What is Sleep Apnea?
Unless our bed partner is disrupting our sleep, most of us don’t think of snoring as something to be overly concerned about. Yet frequent, loud snoring may be a sign of sleep apnea.
Sleep apnea is defined as a reduction or cessation of breathing during sleep. Sleep apnea is a common disorder in which you have one or more pauses in breathing or shallow breaths while you sleep.
Breathing pauses can last from a couple of seconds to minutes. They may occur 30 times or higher an hour. Typically, standard breathing then starts yet again, sometimes with a deafening snort or choking audio.
Sleep apnea usually is a chronic (ongoing) condition in which disrupts your sleep. Once your breathing pauses or will become shallow, you’ll often transfer of deep sleep in addition to into light sleep.
As a result, the quality of your sleep is poor, which makes you tired during the day. Sleep apnea is a top cause of excessive daytime sleepiness.
Types of Sleep apnea
There are three (3) common type of sleep apnea,
- Central sleep apnea (CSA)
- Obstructive sleep apnea (OSA)
- Mixed sleep apnea
- Central sleep apnea (CSA) occurs when as their pharmicudical counterpart does not send the signal for the muscles to take a breath and there isn’t a muscular effort to take a breath.
- Obstructive sleep apnea (OSA) occurs if the brain sends the signal for the muscles and the muscles seek to take a breath, however they are unsuccessful because the actual airway becomes obstructed and prevents a satisfactory flow of air.
- Mixed sleep apnea, occurs when there is both central sleep apnea and obstructive sleep apnea.
Signs and symptoms of sleep apnea
The most common signs of obstructive sleep apnea are loud and long-term (ongoing) snoring. Pauses may occur from the snoring. Choking or gasping might follow the pauses.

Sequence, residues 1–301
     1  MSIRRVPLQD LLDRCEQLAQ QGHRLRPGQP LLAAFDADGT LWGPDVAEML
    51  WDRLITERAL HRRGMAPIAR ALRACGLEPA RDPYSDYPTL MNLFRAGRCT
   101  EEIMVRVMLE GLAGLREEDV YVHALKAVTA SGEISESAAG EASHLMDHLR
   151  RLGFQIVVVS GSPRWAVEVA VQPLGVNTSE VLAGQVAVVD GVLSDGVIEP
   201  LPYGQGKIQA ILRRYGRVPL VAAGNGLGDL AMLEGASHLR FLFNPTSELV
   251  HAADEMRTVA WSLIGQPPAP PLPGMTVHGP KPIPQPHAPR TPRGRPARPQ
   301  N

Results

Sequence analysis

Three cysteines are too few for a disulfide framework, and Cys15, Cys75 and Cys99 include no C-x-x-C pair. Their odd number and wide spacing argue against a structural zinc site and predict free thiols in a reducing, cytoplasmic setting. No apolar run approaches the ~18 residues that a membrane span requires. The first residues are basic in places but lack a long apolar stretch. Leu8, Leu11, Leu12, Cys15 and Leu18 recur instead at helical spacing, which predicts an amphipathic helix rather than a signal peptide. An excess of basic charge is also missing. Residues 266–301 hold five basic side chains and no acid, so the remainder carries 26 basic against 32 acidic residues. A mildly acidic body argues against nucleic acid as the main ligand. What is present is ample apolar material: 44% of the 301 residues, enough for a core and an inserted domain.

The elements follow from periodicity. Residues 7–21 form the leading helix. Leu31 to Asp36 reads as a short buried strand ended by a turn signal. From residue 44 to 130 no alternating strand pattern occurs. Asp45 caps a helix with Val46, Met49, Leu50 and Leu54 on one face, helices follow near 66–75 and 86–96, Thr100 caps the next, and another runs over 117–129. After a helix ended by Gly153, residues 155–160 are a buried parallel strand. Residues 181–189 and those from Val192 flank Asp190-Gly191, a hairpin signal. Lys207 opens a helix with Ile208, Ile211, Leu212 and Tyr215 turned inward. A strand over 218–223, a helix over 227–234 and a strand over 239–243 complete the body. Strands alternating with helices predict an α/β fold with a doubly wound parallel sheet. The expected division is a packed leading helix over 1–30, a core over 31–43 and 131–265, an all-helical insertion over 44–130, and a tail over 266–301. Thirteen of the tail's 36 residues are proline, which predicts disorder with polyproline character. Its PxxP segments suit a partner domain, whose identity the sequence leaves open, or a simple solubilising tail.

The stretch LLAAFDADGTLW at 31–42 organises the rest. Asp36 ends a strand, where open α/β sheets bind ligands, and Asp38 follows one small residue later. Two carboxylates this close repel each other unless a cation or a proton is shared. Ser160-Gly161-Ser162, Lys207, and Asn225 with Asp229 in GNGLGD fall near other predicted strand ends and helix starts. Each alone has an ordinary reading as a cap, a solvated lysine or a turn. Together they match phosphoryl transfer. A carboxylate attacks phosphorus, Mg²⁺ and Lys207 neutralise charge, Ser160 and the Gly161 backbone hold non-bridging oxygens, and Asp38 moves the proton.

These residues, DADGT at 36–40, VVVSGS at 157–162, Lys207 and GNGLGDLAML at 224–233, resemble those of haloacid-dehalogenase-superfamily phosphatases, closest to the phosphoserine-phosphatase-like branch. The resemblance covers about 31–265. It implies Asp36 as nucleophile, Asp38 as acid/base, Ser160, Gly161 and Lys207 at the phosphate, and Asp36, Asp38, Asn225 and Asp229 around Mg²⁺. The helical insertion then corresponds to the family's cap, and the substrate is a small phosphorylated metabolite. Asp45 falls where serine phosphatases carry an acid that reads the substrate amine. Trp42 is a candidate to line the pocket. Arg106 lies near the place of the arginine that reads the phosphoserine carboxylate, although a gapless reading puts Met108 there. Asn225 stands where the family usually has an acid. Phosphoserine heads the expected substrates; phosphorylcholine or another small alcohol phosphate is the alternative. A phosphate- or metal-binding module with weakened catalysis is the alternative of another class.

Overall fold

The snoring usually is loudest when you sleep on your back; it might be much less noisy when you turn on your side. You might not snore each night. Over time, however, the snoring sometimes happens more often and get louder.
You’re asleep when the snoring or gasping happens. You likely won’t know that you’re having problems breathing or have the capacity to judge how severe the catch is. A family member or bed partner often can notice these problems before you.
Another common sign of sleep apnea is fighting sleepiness during the day, at work, or while driving. You may find yourself rapidly falling asleep over the quiet moments of your day when you’re not effective. Even if you don’t have daytime sleepiness, talk with your doctor if you have problems breathing during sleep and please do note that not everyone who snores has sleep apnea, so its better you contact your doctor and don’t judge into conclusion.
Others signs and symptoms of sleep apnea include:
- Morning headaches
- Lack of concentration
- Feeling irritable, frustrated or having personality changes
- Waking up frequently to urinate
- Dry mouth or sore throat after you wake up